Dehydration can be dangerous for the elderly, since their thirst mechanisms and kidneys may not be as well tuned in to the body's status as compared to those of younger people. But the current urine tests don't accurately reflect what's happening in the body, according to a recent study.
One of the hallmarks of aging — even in healthy individuals — is a decrease in the body's ability to regulate hydration.If the body doesn't have enough water - dehydrated - then the ions and proteins in the blood and tissues will be too concentrated to work properly. Conversely, too much water dilutes the blood and can be problematic too. The body monitors the level of hydration — too much water and the excess is excreted in the urine. If there's too little, the kidneys decrease the water they excrete, and the urine is more concentrated, darker, and the person will be thirsty and want to drink. At least, that's how it works in young adults.
But in the older individual, the kidneys may not be up to the task, or a variety of health conditions or medications might impair the body's ability to monitor and respond to hydration status. Thus it is important to know how an older person is doing — are they drinking enough but not too much? Typically, in the absence of other reasons to take a blood sample, the hydration status may be monitored by various tests on their urine. These tests are easy to do, are non-invasive, and well-understood. But a recent study sheds doubt on the utility of urine tests — at least in older individuals.
The point of such tests is not just to determine the status of the urine, but to indirectly assess what's happening to the blood and body tissues. There are several tests that can be done — urine color can be assessed, the volume of urine produced over a specified period of time, or measurement of entities such as specific gravity1 or osmolality2.
In a recent edition of The American Journal of Clinical Nutrition, Dr. Lee Hooper from Norwich Medical School, University of East Anglia, Norwich, United Kingdom, reported on their assessment of such urine tests in older adults. Dr. Hooper and colleagues studied people aged 65 years and older who were participants in one of two studies. One study (Dehydration Recognition In our Elders or DRIE) examined the status of individuals in managed care, while the other (NU-AGE, or Dietary Strategies for Healthy Ageing in Europe) involved participants who lived in their communities.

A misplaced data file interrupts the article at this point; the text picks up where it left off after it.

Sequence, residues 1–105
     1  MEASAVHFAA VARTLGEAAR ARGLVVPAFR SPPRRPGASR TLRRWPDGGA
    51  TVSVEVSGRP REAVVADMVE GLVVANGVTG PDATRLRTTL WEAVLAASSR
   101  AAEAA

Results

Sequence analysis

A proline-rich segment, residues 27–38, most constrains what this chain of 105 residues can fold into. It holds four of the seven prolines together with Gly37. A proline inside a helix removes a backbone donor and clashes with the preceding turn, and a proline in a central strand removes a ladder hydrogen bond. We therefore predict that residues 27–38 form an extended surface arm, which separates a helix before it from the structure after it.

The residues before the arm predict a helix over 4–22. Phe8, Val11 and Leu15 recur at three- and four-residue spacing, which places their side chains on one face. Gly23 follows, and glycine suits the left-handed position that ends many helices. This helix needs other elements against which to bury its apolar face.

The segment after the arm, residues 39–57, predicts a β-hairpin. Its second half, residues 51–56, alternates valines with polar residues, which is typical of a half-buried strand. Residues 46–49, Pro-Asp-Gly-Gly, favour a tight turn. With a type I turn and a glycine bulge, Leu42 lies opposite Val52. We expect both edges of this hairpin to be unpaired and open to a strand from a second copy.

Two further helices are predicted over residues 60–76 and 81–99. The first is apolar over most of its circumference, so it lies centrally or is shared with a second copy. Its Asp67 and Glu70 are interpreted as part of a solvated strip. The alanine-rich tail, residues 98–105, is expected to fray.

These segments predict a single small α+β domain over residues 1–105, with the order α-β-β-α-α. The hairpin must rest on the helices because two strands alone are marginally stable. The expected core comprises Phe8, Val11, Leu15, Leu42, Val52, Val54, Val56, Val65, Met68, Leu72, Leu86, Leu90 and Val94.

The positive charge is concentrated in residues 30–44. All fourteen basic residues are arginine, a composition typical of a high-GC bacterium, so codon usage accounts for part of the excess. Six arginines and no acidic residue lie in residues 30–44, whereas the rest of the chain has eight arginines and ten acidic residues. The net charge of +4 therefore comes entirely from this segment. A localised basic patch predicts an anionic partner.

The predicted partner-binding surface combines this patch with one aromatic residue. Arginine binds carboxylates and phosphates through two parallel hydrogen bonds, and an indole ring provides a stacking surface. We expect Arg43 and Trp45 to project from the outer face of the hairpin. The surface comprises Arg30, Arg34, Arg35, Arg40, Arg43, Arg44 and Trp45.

Of the first group of 162 individuals whose mean age was 86 years, 19 percent were dehydrated, according to their serum osmolality measures. In the community-dwelling group (151 individuals with an average age 70 years), 22 percent were dehydrated, according to the serum measurement. In neither group were the urine tests useful predictors of the serum concentration. Thus, a person might be evaluated as normally hydrated according to the status of their urine tests, but actually be at risk of dehydration. This could be especially important to correct during periods of hot weather.
The authors conclude that there "is a need to develop simple, inexpensive, and noninvasive tools for the assessment of dehydration in older people." Until such a tool exists, individuals and their caregivers must be aware of the possibility of dehydration, especially when dealing with persons whose health status is fragile.
1. Urine specific gravity: a ratio of the density of the urine compared to the density of water. Normal values in adults range from 1.003 to 1.030.
2. Osmolality: a measure of the concentration of a solute in a solution in terms of the amount of substance in a specified amount of mass of the solvent. In the urine or blood, this would be the mass of the solute per mass of the liquid portion of the blood or urine.